Water expert: Moving Agency for International Development account would defund key programs | TheFencePost.com

Water expert: Moving Agency for International Development account would defund key programs

From left, Chessa Luter of RTI International, Kavita Sethuraman of FANTA III/FHI360, Sara Poehlmn of Save the Children US, Lisa Schechtman of WaterAid America and David Hong of the One Acre Fund discuss the Global Nutrition Report while Asma Lateef of the Bread for the World Institute moderates the panel.
The Hagstrom Report |

A Trump administration proposal to shift the development assistance account at the U.S. Agency for International Development to the State Department would result in the defunding of key development programs, a prominent expert on water, sanitation and hygiene said as aid groups released their annual Global Nutrition Report.

“Everyone of us up here would be defunded if that were to happen,” said Lisa Schechtman, the director of policy and advocacy at WaterAid America, the U.S. member of Water Aid International, the largest nongovernment organization dedicated to providing safe drinking water, sanitation and hygiene services in developing countries.

Schechtman made the statement while participating in a panel discussion of the Global Nutrition Report, which focused on how countries can meet the United Nations Sustainable Development Goals through improved nutrition.

In an interview after the discussion, Schechtman said she may have exaggerated slightly, but that she is concerned that a proposal that was in the first Trump budget will be included in the administration’s next budget.

Schechtman acknowledged that Congress rejected the proposal but is concerned that it might gain more serious consideration the second time around.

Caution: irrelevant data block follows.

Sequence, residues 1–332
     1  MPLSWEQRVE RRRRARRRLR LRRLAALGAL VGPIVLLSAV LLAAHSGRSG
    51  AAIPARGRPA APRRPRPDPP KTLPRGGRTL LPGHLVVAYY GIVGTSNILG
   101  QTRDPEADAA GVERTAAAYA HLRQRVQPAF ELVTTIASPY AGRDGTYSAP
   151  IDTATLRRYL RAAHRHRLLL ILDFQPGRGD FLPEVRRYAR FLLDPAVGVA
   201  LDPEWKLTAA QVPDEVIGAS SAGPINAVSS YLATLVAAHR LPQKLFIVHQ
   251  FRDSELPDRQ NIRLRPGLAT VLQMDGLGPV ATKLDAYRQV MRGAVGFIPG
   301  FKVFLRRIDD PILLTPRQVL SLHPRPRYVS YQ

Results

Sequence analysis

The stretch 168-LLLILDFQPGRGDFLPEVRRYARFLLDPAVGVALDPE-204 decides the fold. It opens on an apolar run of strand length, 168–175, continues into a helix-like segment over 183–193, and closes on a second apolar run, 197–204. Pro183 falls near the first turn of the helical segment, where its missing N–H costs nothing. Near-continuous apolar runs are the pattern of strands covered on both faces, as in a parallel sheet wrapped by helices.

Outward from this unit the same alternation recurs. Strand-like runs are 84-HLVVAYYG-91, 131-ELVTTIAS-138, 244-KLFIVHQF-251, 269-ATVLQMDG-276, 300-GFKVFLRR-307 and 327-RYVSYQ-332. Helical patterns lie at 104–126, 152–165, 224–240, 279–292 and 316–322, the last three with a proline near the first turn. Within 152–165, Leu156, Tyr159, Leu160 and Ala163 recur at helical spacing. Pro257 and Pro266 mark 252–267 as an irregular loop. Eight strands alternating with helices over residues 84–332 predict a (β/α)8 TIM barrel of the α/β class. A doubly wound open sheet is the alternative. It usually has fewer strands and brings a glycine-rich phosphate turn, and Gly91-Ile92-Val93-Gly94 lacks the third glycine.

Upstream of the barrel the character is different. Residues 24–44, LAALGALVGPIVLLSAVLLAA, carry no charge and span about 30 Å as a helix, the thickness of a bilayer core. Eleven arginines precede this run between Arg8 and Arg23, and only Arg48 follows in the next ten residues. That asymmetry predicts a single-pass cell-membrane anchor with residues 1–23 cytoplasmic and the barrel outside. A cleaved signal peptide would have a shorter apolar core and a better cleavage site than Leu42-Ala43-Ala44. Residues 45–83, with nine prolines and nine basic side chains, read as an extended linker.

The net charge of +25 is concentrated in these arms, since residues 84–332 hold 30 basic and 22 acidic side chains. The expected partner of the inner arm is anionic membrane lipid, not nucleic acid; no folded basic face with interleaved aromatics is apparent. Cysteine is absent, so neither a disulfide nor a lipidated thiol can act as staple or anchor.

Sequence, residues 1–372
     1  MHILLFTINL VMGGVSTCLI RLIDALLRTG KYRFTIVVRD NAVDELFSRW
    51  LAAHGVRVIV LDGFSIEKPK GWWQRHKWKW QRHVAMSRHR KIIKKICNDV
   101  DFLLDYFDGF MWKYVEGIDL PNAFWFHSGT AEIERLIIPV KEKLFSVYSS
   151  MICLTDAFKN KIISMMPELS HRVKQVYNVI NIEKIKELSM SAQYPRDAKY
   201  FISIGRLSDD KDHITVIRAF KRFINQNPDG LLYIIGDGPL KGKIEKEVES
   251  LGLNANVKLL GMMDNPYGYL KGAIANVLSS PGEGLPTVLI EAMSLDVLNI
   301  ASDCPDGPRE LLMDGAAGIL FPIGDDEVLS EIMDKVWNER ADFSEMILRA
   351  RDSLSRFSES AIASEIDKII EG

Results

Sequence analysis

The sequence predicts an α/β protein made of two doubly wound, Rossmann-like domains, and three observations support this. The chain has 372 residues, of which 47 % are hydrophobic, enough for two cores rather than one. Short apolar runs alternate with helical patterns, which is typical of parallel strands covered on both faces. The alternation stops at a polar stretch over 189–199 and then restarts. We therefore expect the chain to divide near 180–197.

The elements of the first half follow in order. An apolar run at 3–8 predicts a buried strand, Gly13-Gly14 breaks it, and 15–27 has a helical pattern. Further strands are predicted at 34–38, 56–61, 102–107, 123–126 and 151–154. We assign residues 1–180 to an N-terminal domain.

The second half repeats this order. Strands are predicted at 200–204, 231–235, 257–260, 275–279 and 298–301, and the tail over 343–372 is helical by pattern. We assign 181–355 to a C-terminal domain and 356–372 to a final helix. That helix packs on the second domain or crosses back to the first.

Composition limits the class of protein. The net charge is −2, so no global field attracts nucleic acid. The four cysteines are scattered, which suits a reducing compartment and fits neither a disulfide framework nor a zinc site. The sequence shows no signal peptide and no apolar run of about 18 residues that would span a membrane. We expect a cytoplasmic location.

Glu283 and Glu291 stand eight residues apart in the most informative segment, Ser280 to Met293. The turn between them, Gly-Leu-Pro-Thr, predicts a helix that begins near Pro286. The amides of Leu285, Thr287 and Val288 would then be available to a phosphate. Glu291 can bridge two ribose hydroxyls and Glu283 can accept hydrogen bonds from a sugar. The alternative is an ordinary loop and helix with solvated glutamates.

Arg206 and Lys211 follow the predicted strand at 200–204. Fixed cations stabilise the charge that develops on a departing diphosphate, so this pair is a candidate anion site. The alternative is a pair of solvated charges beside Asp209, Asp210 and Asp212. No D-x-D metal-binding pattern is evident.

The USAID development assistance account, she said, covers agriculture, gender, basic education and well as water, sanitation and hygiene, she said.

The State Department has an economic support fund but it is focused on fragile situations such as natural disasters and countries emerging from conflicts and is not viewed as the account for long-term development of poor countries, she added.

Jessica Fanzo, a professor of global food and agricultural policy at the Johns Hopkins University who is co-author of the report, said “Progress on global nutrition targets is slow or moving backwards” with stunting, anemia in women of reproductive age and overweight adult women remaining major issues.

During the discussion, Kavita Sethuraman, the specialist in food and nutrition technical assistance for Project III and FHI 360, said that conflict situations are causing girls to marry earlier and that adolescent pregnancy is not declining in some places.

Sethuraman also said, while there is a big focus on communicating with women, “it is impossible to reduce stunting without taking men into account” so that they will reallocate tasks so women can breastfeed children.”